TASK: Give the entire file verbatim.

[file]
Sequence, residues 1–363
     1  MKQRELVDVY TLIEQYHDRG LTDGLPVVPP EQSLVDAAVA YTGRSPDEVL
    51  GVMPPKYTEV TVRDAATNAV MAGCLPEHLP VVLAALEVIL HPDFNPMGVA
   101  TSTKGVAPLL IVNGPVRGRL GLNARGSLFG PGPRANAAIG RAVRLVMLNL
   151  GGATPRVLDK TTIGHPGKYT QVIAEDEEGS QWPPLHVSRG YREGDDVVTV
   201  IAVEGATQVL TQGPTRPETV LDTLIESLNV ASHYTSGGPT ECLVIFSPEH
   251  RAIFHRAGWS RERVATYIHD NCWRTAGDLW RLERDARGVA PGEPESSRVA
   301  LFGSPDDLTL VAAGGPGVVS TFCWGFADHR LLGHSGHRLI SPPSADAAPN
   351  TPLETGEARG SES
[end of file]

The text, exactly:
Sequence, residues 1–363
     1  MKQRELVDVY TLIEQYHDRG LTDGLPVVPP EQSLVDAAVA YTGRSPDEVL
    51  GVMPPKYTEV TVRDAATNAV MAGCLPEHLP VVLAALEVIL HPDFNPMGVA
   101  TSTKGVAPLL IVNGPVRGRL GLNARGSLFG PGPRANAAIG RAVRLVMLNL
   151  GGATPRVLDK TTIGHPGKYT QVIAEDEEGS QWPPLHVSRG YREGDDVVTV
   201  IAVEGATQVL TQGPTRPETV LDTLIESLNV ASHYTSGGPT ECLVIFSPEH
   251  RAIFHRAGWS RERVATYIHD NCWRTAGDLW RLERDARGVA PGEPESSRVA
   301  LFGSPDDLTL VAAGGPGVVS TFCWGFADHR LLGHSGHRLI SPPSADAAPN
   351  TPLETGEARG SES